Informatik - Playing With Fire
EBM, Electro Informatik's newest long player 'Playing With Fire' released in March 13 (I know, I have been slack and apologies to Informatik for that) throws my mind back to the early 2000's era without feeling like I am listening to a retro album. In 1994 Da5id Din and Matthew Crofoot formed Informatik and quickly released an album in '95 and then released steadily as the years went by with a few line up changes throughout that time.

Informatik have changed up their style gradually here and there over the time of their releases, from trance to synthpop to club and back again and now this album sees a big guitar/synth influenced album. 'Playing With Fire' gives us a more rock feel than previous albums. 10 tracks at 52 minutes will keep you involved from start to finish.

"No Sympathy" opens the album with a driving guitar stab, dark vocals and a big chorus followed by "Something To Believe In", "How Long" has a Depeche Mode ('Faith And Devotion' era) feel to it and then the big guitar kicks in and we are off on a catchy big chorus.

"Brave New World", "Stay" and "No One" have a more meaningful feel to them with "No One" having a big anthemic drive to it.

"Juliet" is probably my favorite track due to the content and the way the story is interpreted as well as the big dirge of deep synth underneath it. "Miles Away" starts quite oddly compared to the other tracks with a quirky synth run but then gets in to the guts of the track and rolls along well til the quirky synth rolls back in it all makes sense.

"Just For Nothing" picks the pace up and throws us into the final track "World Of Wonder" which, as the longest track, encapsulates the all the tracks before it leaving us with a positive message and an even more positive feel to what you've just listened to.

Through the ten tracks, the vocals are deep, soulful and uncomplicated and after the second or third listen, you find yourself singing along. Whiles there's nothing remarkable about the album and it does have a throwback feel in sound and structure if you've been interested in the genre since the late 1990/2000's, it's a strong enjoyable album that will sit well in the collection among other guitar driven synth albums.

'Playing With Fire' is an album well worth listening to. You will tap your feet to the percussion and occasionally throw your fingers across your air guitar as there are great riffs and synth moments all through the tracks. A few head bangs here and there will leave you with a smile on your face at the end.
4
Brutal Resonance

Informatik - Playing With Fire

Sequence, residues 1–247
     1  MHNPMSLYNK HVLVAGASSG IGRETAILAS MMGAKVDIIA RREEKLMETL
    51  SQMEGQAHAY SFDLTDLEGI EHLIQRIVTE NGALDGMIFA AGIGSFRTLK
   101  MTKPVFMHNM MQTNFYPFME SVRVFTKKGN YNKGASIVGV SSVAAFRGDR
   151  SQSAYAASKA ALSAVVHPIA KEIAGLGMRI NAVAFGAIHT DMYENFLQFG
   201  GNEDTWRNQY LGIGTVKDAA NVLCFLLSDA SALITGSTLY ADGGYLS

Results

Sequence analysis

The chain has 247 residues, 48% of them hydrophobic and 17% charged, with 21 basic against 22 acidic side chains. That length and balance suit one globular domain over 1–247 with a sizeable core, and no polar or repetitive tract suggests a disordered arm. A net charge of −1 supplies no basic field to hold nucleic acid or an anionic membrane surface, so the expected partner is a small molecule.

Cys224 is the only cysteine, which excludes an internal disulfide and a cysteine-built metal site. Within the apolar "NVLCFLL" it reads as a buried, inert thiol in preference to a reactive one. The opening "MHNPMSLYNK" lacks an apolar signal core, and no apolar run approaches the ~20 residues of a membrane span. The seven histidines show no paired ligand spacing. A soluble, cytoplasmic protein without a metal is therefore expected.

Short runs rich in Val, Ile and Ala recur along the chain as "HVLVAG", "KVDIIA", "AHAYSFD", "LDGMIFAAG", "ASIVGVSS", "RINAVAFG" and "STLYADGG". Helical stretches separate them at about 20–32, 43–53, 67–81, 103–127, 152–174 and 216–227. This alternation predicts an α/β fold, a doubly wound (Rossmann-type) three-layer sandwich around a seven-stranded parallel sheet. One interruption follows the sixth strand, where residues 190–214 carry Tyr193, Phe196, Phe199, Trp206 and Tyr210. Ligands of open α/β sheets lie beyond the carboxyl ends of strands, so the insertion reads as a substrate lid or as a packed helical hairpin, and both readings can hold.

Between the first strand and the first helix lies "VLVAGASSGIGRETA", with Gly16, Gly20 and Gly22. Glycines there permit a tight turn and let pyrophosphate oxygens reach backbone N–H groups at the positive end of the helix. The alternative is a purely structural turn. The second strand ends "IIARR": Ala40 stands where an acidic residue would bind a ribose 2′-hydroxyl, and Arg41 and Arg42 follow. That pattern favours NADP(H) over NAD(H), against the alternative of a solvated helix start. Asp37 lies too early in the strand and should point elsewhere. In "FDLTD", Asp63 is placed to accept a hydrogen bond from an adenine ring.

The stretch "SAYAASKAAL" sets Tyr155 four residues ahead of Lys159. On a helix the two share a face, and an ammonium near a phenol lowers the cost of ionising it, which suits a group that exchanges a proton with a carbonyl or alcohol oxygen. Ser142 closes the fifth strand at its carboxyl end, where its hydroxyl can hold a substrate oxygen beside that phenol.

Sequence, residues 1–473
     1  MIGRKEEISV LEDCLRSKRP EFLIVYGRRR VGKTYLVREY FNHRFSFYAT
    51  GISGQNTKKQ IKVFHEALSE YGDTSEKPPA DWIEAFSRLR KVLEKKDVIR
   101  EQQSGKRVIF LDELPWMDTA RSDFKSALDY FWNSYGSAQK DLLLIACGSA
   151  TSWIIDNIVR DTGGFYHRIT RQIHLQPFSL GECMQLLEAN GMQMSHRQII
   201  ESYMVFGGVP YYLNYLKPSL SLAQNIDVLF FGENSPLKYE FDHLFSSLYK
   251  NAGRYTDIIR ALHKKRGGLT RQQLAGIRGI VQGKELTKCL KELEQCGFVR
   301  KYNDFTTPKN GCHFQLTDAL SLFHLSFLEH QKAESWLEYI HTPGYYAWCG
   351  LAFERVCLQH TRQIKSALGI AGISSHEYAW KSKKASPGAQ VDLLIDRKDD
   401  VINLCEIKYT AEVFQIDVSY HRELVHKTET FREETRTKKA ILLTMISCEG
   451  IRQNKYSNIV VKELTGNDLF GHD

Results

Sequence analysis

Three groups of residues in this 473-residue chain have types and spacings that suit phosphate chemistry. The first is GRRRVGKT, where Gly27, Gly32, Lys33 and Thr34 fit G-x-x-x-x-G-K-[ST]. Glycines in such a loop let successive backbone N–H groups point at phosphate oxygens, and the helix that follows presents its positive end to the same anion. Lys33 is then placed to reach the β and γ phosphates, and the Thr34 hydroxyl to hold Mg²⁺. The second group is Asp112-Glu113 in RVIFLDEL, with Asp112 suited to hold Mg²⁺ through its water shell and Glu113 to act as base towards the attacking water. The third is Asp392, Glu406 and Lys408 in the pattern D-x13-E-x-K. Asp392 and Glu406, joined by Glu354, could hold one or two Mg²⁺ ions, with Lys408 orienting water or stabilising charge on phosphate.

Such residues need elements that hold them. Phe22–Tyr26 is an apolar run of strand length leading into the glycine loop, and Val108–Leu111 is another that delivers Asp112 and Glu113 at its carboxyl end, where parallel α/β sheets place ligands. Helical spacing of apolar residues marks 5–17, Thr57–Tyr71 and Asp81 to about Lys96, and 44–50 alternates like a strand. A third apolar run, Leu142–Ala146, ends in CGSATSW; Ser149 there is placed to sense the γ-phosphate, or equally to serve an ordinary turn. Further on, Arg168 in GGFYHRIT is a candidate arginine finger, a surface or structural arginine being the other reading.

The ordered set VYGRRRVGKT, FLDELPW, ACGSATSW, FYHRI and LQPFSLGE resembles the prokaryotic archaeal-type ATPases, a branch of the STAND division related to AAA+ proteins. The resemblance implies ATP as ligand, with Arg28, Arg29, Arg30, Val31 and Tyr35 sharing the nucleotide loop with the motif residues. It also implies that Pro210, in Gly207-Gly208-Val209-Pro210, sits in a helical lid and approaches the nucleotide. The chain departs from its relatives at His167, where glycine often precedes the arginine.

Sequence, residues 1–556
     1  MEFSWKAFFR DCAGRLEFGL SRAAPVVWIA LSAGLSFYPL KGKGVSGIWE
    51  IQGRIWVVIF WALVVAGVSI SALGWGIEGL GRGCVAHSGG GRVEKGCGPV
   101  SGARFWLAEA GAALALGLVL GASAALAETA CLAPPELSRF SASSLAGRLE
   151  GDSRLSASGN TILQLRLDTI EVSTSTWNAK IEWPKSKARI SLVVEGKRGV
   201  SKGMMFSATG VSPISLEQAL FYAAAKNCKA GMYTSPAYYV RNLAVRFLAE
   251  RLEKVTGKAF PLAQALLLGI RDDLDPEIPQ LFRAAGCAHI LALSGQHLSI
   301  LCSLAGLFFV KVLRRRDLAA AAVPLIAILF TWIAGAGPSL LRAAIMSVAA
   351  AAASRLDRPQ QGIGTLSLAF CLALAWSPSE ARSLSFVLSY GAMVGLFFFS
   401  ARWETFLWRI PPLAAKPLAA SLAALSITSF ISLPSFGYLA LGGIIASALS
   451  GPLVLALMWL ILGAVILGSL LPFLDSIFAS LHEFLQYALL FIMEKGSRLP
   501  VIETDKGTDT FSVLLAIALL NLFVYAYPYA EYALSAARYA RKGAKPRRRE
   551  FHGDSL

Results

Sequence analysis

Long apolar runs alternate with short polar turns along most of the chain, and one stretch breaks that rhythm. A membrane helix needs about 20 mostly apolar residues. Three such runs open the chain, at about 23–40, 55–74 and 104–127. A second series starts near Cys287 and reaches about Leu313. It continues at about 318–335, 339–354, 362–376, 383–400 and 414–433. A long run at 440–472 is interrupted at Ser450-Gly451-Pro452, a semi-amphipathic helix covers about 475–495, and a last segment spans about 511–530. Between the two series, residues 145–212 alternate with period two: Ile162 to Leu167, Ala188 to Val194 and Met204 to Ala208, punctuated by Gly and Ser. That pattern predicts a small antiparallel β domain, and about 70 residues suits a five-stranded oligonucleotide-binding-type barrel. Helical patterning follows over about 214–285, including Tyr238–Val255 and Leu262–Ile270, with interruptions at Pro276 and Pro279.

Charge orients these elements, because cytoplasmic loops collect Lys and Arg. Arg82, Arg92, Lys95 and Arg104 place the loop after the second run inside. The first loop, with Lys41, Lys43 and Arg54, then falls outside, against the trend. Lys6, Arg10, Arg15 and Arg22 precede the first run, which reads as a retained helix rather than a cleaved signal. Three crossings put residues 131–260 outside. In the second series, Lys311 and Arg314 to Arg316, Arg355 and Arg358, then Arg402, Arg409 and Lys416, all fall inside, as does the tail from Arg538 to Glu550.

7.5
"Good"
N/A
Electroracle
Spotify
Released 2013 by Metropolis Records
Informatik's newest long player 'Playing With Fire' released in March 13 (I know, I have been slack and apologies to Informatik for that) throws my mind back to the early 2000's era without feeling like I am listening to a retro album. In 1994 Da5id Din and Matthew Crofoot formed Informatik and quickly released an album in '95 and then released steadily as the years went by with a few line up changes throughout that time.

Informatik have changed up their style gradually here and there over the time of their releases, from trance to synthpop to club and back again and now this album sees a big guitar/synth influenced album. 'Playing With Fire' gives us a more rock feel than previous albums. 10 tracks at 52 minutes will keep you involved from start to finish.

"No Sympathy" opens the album with a driving guitar stab, dark vocals and a big chorus followed by "Something To Believe In", "How Long" has a Depeche Mode ('Faith And Devotion' era) feel to it and then the big guitar kicks in and we are off on a catchy big chorus.

"Brave New World", "Stay" and "No One" have a more meaningful feel to them with "No One" having a big anthemic drive to it.

"Juliet" is probably my favorite track due to the content and the way the story is interpreted as well as the big dirge of deep synth underneath it. "Miles Away" starts quite oddly compared to the other tracks with a quirky synth run but then gets in to the guts of the track and rolls along well til the quirky synth rolls back in it all makes sense.

"Just For Nothing" picks the pace up and throws us into the final track "World Of Wonder" which, as the longest track, encapsulates the all the tracks before it leaving us with a positive message and an even more positive feel to what you've just listened to.

Through the ten tracks, the vocals are deep, soulful and uncomplicated and after the second or third listen, you find yourself singing along. Whiles there's nothing remarkable about the album and it does have a throwback feel in sound and structure if you've been interested in the genre since the late 1990/2000's, it's a strong enjoyable album that will sit well in the collection among other guitar driven synth albums.

'Playing With Fire' is an album well worth listening to. You will tap your feet to the percussion and occasionally throw your fingers across your air guitar as there are great riffs and synth moments all through the tracks. A few head bangs here and there will leave you with a smile on your face at the end. Jan 02 2014

Dj Wolf

info@brutalresonance.com
I've been DJing for 30+ years and been lucky to have done Dj support for Assemblage 23, Grendel, Nachtmahr, Shiv-r, Psyche, Icon Of Coil, among others. As Digital Anodyne I've written and remixed, Retrogramme, Leaether Strip, Rational Youth, Psyche, Pluvio, Arkyus and so forth. I'm a music fan of electronic music with a thirst to hear new music as often as possible. Writing for Brutal Resonance for the last 5 years gives me the opportunity to share that passion. music//DJ\\remix

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